then ExSite will display the published HTML file, and dynamically expand the remaining plug-ins on the page.  Mod_rewrite can be used to translate the "static" URL http://foobar.com/somepage.html to the dynamic URL noted above.

If any of the pages are truly static, they will still display correctly if they are translated to the dynamic URL.  That means it is quite safe to rewrite all URLs to the dynamic form.

To prepublish your dynamic pages, set the following configuration setting in your exsite.conf file:
page.prepublish_dynamic = 1

To have ExSite always link to the static URL for these dynamic pages, you should also set:

page.static_urls = 1

but if you do this you will need to add some Apache mod_rewrite instructions to run all static page URLs though page.cgi, for example:

http:://www.foo.com/page.html -> rewrite to http:://www.foo.com/cgi/page.cgi/page.html

Redirecting to Dynamic Pages

This method publishes a dummy static page that consists of nothing more than a meta-refresh instruction that redirects the browser to the actual dynamic page. Links and menus will point to the dummy static page.

The effect for regular visitors is that they see the URL of the static dummy page in their address bar, but they receive the content of the full dynamic page. Robots will crawl the efficient dummy static page, rather than tax your server with requests for dynamic pages. (Smart robots will see the meta-refresh instruction and come back later for the dynamic page, but dumb robots may just leave it at that and stop pestering your website.)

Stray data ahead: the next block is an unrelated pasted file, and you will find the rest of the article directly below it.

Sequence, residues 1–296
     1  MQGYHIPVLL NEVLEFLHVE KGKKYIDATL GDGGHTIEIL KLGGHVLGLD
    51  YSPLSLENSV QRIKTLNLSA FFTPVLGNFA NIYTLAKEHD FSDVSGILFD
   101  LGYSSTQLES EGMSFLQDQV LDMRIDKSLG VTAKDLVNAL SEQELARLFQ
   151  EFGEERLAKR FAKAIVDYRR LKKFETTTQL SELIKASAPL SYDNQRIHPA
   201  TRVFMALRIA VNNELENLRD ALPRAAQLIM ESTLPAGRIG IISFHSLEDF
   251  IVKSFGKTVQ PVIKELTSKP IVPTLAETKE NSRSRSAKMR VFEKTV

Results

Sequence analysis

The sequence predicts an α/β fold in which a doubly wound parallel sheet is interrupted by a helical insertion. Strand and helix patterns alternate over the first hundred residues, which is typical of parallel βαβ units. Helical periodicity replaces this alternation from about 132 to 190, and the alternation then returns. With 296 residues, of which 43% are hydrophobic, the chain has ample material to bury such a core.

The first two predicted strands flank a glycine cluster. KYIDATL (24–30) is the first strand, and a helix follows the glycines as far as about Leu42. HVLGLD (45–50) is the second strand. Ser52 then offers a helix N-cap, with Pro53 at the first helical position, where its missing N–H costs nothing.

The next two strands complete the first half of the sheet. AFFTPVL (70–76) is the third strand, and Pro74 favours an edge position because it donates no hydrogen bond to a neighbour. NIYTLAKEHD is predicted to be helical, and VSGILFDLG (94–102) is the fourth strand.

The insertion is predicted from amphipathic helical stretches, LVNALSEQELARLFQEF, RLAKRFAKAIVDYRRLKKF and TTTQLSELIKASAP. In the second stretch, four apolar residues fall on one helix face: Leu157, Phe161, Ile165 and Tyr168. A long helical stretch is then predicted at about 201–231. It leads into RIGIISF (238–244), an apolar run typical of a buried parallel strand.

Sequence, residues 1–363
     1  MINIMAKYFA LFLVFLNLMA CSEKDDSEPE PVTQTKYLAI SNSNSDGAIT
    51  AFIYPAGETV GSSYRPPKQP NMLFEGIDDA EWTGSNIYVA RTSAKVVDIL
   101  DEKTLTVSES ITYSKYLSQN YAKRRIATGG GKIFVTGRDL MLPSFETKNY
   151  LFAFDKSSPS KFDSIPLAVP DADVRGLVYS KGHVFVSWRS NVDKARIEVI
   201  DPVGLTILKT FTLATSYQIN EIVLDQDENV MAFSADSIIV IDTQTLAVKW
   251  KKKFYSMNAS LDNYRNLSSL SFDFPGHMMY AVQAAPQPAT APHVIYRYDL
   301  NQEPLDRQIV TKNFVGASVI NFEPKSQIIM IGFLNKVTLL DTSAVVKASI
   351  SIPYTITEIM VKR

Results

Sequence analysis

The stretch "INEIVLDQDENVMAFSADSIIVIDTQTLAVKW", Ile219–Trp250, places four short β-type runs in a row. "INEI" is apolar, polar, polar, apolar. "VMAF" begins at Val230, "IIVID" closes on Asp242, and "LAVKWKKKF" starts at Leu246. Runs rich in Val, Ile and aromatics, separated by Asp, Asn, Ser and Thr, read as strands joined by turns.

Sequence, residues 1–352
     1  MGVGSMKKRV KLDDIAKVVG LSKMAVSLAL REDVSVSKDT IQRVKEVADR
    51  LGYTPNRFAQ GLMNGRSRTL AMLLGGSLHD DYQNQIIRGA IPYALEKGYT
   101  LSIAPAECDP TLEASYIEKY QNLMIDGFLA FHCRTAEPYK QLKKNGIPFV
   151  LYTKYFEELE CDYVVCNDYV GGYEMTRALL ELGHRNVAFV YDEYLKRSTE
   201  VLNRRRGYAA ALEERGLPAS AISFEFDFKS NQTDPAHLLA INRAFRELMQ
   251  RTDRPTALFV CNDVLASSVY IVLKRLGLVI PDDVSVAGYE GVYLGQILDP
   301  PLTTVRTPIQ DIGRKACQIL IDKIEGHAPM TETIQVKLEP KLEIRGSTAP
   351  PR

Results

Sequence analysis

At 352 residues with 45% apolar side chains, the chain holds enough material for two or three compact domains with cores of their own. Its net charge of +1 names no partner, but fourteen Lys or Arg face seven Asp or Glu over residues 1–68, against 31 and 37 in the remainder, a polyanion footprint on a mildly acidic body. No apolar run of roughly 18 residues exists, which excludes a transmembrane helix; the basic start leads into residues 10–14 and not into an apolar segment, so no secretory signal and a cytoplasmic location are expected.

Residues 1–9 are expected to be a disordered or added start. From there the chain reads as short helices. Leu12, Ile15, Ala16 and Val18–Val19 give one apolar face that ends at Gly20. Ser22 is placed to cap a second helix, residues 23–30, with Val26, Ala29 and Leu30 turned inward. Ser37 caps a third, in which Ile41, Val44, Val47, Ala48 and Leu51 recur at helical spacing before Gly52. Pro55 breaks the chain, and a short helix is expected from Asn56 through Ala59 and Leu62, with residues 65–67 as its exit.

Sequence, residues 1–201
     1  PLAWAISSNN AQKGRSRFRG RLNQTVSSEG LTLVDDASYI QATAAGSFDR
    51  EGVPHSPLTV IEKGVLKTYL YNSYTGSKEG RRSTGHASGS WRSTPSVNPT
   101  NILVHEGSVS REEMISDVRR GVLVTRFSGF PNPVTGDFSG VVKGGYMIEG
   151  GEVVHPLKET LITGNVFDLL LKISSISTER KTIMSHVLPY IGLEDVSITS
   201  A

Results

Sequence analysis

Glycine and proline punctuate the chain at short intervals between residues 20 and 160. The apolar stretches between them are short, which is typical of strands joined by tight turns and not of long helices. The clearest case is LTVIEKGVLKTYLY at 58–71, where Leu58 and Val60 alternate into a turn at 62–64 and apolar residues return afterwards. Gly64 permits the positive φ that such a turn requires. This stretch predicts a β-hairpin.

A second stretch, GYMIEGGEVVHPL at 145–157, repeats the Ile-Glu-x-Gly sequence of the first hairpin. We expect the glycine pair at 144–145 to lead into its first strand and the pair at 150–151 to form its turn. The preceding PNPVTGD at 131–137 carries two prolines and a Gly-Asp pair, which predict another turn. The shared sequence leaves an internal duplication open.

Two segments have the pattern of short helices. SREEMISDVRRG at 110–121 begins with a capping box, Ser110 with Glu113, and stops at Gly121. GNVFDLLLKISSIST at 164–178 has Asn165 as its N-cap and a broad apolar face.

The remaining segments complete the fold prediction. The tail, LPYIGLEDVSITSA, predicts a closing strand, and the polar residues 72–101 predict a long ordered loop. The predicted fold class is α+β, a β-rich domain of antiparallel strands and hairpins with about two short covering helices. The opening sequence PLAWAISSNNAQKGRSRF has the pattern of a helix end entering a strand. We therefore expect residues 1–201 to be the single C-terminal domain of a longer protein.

To publish dynamic pages to a meta-refresh instruction, add the following configuration setting to your exsite.conf file:
page.redirect_dynamic = 1

Relative URLs

ExSite can use full or relative URLs, and the choice can be different on static and dynamic pages. The default configuration settings are:
page.relative_static_url = 0
page.relative_dynamic_url = 1

Dynamic Content Objects

We have been discussing page views above, but it is also possible to view particular images or files (non-HTML pages) either dynamically or statically.  If a content object is published to disk, it will have a normal URL such as:
http://foobar.com/_Library/docs/somefile.pdf
(The specifics of the URL will vary depending on whether the file is placed in a library, template, or normal page.)

The same content object can also be viewed dynamically, eg:
http://foobar.com/content.cgi/somefile.pdf?id=789
The advantage of dynamic content views is that they can be restricted to certain users (eg. members-only documents).